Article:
Recorded on Sep 19, 2023 Noon – 1 pm Eastern
Real World Efficacy of Cell- and Egg-Based Quadrivalent Influenza Vaccines in Adults During the U.S. 2019-2020 Influenza Season
By Brandon Young Ph.D.
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Mutations occurring during egg-based influenza vaccine production may affect vaccine effectiveness. The mammalian cell-based quadrivalent inactivated influenza vaccine (IIV4c) demonstrated improved protection relative to egg-based vaccines in prior seasons. This study estimated the relative vaccine effectiveness (rVE) of IIV4c versus standard-dose egg-based quadrivalent inactivated influenza vaccine (IIV4e) in preventing influenza-related medical encounters (IRME) in the 2019-2020 US influenza season. This retrospective cohort study used electronic medical records linked to pharmacy and medical claims. Subjects included those aged ≥18 years vaccinated with IIV4e or IIV4c during 2019-2020 influenza season. The outcome was occurrence of IRMEs (inpatient or outpatient) defined by diagnostic codes specific to influenza (ICD-10 codes J09*–J11*). We used a doubly robust inverse probability of treatment weighting model to obtain odds ratios (OR) adjusted for age, sex, race, ethnicity, region, vaccination week, health status, frailty and baseline healthcare resource utilization. rVE was calculated by (1–OR adjusted)*100. An exploratory analysis evaluated IRME in inpatient and outpatient settings separately. The final study cohort included 1,499,215 IIV4c and 4,126,263 IIV4e recipients ≥18 years of age. Fewer IRMEs were reported in individuals with recorded IIV4c vs IIV4e. The rVE for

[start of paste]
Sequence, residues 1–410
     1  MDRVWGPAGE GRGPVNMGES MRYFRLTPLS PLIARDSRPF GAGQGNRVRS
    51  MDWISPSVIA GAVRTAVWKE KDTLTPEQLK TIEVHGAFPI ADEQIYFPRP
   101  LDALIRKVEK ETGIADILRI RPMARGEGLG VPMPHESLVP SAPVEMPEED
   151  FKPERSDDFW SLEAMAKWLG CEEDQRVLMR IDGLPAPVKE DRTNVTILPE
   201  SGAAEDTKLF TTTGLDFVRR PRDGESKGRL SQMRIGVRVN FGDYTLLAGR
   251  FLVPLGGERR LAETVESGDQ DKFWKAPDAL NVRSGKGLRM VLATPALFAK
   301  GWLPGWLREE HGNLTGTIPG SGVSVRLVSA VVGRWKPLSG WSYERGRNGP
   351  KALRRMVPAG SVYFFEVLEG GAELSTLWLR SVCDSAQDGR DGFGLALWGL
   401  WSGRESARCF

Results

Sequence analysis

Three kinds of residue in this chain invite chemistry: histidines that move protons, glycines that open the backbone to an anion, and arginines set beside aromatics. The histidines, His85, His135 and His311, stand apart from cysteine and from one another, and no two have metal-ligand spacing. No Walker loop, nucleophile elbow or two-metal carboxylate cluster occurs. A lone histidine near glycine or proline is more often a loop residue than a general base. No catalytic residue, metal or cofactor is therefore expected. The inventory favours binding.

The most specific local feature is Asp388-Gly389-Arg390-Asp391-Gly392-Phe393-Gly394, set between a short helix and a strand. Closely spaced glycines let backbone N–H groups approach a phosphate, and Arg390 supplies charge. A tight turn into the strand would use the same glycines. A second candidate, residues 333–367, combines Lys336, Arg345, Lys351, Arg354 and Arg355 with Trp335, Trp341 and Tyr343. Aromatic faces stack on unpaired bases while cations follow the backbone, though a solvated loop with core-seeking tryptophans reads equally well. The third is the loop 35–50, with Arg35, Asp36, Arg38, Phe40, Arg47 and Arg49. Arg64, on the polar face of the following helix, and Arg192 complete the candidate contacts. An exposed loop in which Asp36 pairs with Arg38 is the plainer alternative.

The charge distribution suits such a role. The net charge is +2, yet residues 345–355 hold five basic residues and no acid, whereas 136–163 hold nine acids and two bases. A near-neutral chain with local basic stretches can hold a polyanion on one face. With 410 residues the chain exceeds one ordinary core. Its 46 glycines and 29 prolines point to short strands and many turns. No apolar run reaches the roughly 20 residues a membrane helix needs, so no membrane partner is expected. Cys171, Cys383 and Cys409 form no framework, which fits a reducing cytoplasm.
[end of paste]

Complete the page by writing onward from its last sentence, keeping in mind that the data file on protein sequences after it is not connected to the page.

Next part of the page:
IIV4c vs IIIV4e for any IRME was 9.5% (95% CI 7.9 to 11.1). Inpatient and outpatient rVEs were 5.7% (2.1 to 9.2) and 11.4% (9.5 to 13.3), respectively. In age subgroup analyses, rVEs favored IIV4c except in adults ≥65 years. Adults vaccinated with IIV4c had a lower risk of IRME vs IIV4e recipients in the 2019-2020 US influenza season. These results support IIV4c as a potentially more effective than egg-based vaccines as public health measure against influenza.
Objective 1: Understand the relative vaccine effectiveness (rVE) of cell-based quadrivalent inactivated influenza vaccine (QIVc) compared with egg-based quadrivalent inactivated influenza vaccine (QIVe) in preventing cardio-respiratory hospitalizations in individuals 18–64 years of age in the U.S. 2019–20 influenza season.
Objective 2: Compare the rVE of QIVc vs. QIVe in age subgroups 18 – 49 and 50 – 64 years of age in the U.S. 2019-20 influenza season.
Objective 3: Recognize the rVE of QIVc vs. QIVe in preventing respiratory-related hospitalizations in children 4–17 years of age in the U.S. 2019-20 influenza season.
Dr. Young is the Mid-Atlantic Medical Science Liaison for CSL Seqirus. He completed his Ph.D. in Biochemistry and Molecular Biology at the Medical University of South Carolina (MUSC), with a focus on drug design against antimicrobial resistant bacteria. He then matriculated to Emory University for his Post-Doctoral research where he was a Fellowships in Research and Science Teaching Scholar. His research focused on drug and vaccine design for Ebola virus. At CSL Seqirus we have a singular global focus on influenza, we work tirelessly on cutting-edge research, transformative technologies, and the latest methods of production and distribution.
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